IN: Industrial Production

Fri Dec 11 06:00:00 CST 2015

Consensus Actual Previous Revised
Change Y/Y 7.8% 9.8% 3.6% 3.8%

Annual growth of industrial production climbed sharply and by more than expected in October. A 9.8 percent rate was a marked improvement on September's upwardly revised 3.8 percent outturn and the strongest since July 2010. However, it was boosted significantly by basis effects courtesy of a collapse in output in the year ago month. This alone probably added nearly 4 percentage points to the October rate.

Still, the latest data suggest that October was a decent month for goods producing industries, in particular the key manufacturing sector where output growth surged from 2.6 percent to some 10.6 percent. This should come as something of a relief to policymakers who must have been concerned by signs of renewed weakness in recent economic statistics.

Financial markets anticipate additional RBI easing in 2016 but the latest bounce in output should at least help to reduce pressure for an early move (the next RBI interest rate meeting is on 2nd February 2016).

However, even should the central bank want to act, a major hurdle in the path of lower borrowing costs is the rupee which, in line with most emerging market currencies, has been struggling in the face of an anticipated Fed tightening next week. Indeed, the INR was the weakest performing Asian unit in November and would have been softer still but for RBI intervention.

Industrial production index measures changes in the volume of production in the mining, manufacturing and electricity sectors. The data are not seasonally adjusted.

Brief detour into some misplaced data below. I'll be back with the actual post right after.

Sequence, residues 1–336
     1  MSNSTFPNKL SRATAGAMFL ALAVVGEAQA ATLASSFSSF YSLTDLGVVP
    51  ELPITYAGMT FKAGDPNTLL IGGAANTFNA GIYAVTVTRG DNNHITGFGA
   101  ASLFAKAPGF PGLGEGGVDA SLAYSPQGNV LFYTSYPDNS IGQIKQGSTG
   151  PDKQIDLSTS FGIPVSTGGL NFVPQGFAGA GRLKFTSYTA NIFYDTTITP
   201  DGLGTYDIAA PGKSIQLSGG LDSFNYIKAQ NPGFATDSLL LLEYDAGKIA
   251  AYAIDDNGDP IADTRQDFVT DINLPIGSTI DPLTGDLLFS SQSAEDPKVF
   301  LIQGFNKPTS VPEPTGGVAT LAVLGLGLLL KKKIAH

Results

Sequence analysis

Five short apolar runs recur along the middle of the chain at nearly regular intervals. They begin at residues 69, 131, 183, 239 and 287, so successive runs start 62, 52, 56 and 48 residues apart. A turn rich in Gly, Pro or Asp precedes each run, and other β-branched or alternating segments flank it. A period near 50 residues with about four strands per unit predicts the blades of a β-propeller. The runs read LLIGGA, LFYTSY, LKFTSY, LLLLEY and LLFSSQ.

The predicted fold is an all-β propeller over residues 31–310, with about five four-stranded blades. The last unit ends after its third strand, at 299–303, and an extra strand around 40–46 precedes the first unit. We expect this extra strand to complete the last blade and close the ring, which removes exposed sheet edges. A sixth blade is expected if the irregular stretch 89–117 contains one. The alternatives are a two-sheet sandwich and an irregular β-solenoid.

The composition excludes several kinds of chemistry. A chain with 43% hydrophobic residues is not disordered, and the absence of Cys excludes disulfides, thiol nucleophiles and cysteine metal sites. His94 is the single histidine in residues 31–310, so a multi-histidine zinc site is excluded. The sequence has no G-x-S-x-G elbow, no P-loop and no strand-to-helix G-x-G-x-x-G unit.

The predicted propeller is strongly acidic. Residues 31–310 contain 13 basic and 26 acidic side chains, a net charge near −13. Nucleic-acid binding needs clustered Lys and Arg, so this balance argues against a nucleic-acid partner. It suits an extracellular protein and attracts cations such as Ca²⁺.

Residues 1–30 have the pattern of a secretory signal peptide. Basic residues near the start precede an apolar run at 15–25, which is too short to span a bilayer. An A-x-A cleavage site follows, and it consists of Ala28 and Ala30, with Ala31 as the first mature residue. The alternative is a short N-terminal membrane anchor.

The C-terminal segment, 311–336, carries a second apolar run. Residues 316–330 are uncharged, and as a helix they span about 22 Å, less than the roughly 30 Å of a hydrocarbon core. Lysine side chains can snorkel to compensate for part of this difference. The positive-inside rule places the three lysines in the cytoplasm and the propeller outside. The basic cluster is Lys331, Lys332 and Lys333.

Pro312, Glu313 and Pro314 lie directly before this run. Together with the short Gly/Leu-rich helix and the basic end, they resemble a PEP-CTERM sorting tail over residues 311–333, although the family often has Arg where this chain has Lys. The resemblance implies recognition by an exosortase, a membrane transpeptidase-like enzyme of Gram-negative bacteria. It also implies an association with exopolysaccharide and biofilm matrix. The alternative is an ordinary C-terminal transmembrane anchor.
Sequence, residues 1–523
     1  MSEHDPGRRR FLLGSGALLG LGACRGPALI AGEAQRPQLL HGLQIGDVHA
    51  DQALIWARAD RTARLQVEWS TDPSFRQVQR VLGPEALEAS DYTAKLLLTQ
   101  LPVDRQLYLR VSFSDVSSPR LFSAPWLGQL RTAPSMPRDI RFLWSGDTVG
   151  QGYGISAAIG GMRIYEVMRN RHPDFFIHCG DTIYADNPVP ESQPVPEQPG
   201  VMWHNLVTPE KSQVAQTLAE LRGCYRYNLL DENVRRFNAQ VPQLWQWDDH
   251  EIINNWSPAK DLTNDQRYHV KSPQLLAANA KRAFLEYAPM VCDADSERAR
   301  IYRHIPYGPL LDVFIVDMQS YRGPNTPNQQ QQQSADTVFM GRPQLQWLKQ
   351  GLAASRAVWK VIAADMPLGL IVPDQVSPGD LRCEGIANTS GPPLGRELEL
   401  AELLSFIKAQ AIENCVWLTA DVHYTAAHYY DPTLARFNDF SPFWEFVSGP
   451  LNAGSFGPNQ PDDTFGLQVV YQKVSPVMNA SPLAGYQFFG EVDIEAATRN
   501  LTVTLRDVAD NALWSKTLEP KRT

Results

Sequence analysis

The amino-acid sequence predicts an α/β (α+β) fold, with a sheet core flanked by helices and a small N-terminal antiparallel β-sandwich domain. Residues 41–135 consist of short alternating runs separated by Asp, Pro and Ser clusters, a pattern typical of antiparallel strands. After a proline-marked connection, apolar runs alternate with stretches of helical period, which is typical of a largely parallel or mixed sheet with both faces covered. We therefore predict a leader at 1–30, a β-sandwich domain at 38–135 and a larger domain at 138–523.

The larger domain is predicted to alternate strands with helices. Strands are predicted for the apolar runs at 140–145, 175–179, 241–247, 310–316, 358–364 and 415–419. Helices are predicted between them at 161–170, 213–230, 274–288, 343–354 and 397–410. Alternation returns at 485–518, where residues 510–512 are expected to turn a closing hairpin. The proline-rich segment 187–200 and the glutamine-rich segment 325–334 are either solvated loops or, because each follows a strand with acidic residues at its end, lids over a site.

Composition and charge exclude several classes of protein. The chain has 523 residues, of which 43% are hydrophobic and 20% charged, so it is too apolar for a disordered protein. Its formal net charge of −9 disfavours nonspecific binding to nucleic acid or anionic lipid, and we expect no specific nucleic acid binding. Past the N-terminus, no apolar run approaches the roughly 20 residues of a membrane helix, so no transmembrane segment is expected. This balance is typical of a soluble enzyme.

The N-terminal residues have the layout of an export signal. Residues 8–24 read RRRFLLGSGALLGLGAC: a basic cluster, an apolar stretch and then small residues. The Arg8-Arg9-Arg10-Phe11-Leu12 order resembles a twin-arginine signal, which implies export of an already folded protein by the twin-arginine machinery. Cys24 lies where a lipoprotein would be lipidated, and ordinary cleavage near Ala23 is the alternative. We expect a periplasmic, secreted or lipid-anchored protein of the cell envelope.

Investors want to keep their finger on the pulse of the economy because it usually dictates how various types of investments will perform. The stock market likes to see healthy economic growth because that translates to higher corporate profits. The bond market prefers more subdued growth that will not lead to inflationary pressures. By tracking economic data such as industrial production, investors will know what the economic backdrop is for these markets and their portfolios.

The index is a quantitative index with the production of the items being expressed in physical terms. The Index is compiled by taking into account the quantities of items produced during the current month, compared with the average monthly production in the base year. Selection of items is based on the total production of the items as the primary (main) product as well as secondary (by) product. Data are available monthly within six weeks of reference month.